Door open for dialogue to discuss Dalai Lama's future but not Tibet, says China
The Dalai Lama should stop 'secessionist activities' and take concrete measures to win the trust of the central government and Chinese people, said Chinese foreign ministry spokesman Wang Wenbin
Beijing: China on Wednesday said it is "open" for talks with Tibetan spiritual leader the Dalai Lama to discuss his "future" but not any issues related to Tibet.
Reports from Tokyo said the Dalai Lama while speaking at an online press conference hosted by the Tokyo Foreign Correspondents Club on Wednesday said, "I prefer to remain here in India, peacefully," praising the country as a centre of religious harmony.
The 86-year-old Tibetan Buddhist spiritual leader said he has no particular plans to meet with Chinese President Xi Jinping and expressed his wish to visit the Himalayan homeland to meet old friends. He declined to comment on Xi's plans to remain in office for a third five-year term.
"Chinese Communist leaders, they do not understand the variety of different cultures. In reality, too much control will harm people," said the Dalai Lama, who lived in India in-exile ever since he fled Tibet in 1959 following China's takeover of the Himalayan region.
Asked for his reaction to the Dalai Lama's remarks and whether Beijing will permit him to visit China or Tibet, Chinese foreign ministry spokesman Wang Wenbin told a media briefing here that Beijing is open for dialogue with the Tibetan spiritual leader.
"The central government in China, on engaging and discussing issues with the 14th Dalai Lama, the position is consistent and clear. The door for dialogue and engagement is open. I would like to stress that the only matter that can be discussed is the future of the Dalai Lama himself and not to do anything with Tibet, Wang said.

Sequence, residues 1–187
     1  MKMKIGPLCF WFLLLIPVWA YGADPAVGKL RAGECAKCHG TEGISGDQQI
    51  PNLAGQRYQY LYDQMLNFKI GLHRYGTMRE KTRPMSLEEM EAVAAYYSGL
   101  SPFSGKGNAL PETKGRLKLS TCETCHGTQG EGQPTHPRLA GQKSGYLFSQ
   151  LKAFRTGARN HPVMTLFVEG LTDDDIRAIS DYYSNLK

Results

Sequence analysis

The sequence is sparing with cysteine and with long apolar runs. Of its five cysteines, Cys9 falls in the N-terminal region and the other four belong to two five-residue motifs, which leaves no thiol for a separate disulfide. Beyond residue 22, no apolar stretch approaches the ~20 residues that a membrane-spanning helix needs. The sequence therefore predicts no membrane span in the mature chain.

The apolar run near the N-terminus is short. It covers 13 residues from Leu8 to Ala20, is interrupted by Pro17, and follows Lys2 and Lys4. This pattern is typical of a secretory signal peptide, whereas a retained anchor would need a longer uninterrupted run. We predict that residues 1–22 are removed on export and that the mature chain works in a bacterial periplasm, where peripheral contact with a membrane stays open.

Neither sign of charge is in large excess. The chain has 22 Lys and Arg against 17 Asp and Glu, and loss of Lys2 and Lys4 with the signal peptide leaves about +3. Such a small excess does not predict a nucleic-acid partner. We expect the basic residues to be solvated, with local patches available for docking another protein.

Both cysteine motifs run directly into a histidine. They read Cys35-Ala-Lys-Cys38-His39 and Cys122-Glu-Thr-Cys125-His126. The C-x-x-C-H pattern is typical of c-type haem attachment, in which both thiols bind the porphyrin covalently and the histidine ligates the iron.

"What the Dalai Lama should do is to stop secessionist activities and take concrete measures to win the trust of the central government and the Chinese people," he said.
He also lashed out at the Tibetan government-in-exile, saying "it is an out and out separatist political group. It is against China's constitution and laws, it is an illegal organisation. No country in the world recognises it.
An official white paper released in May said that any successor to the Dalai Lama should be approved by the Chinese government, ruling out recognition to any heir nominated by him or by his followers.
The Dalai Lama's succession issue was in the limelight, especially in the last few years after the US has stepped up campaign that the right relating to the reincarnation of Dalai Lama's successor should be within the exclusive authority of the Dalai Lama and the Tibetan people.
The Tibetan Policy and Support Act of 2020 (TPSA) passed by the US Congress makes it official United States policy that decisions regarding the reincarnation of the Dalai Lama are exclusively within the authority of the current Dalai Lama, Tibetan Buddhist leaders and the Tibetan people.
China, meanwhile, has tightened its control in Tibet.
Last month, China's ruling Communist Party appointed Wang Junzheng, sanctioned by the US, Britain, the EU and Canada for his alleged role in the human rights violations against Uygur Muslims in Xinjiang, as the head of the party unit in Tibet.
Wang, 58, became China's highest-ranking official to be widely sanctioned over accusations of human rights violations in March, during his tenure as Xinjiang's deputy party secretary and security chief.
Video footage posted by CCTV showed flames and billowing black smoke from the fuselage of the Tibet Airlines plane on the tarmac at Chongqing Jiangbei international airport
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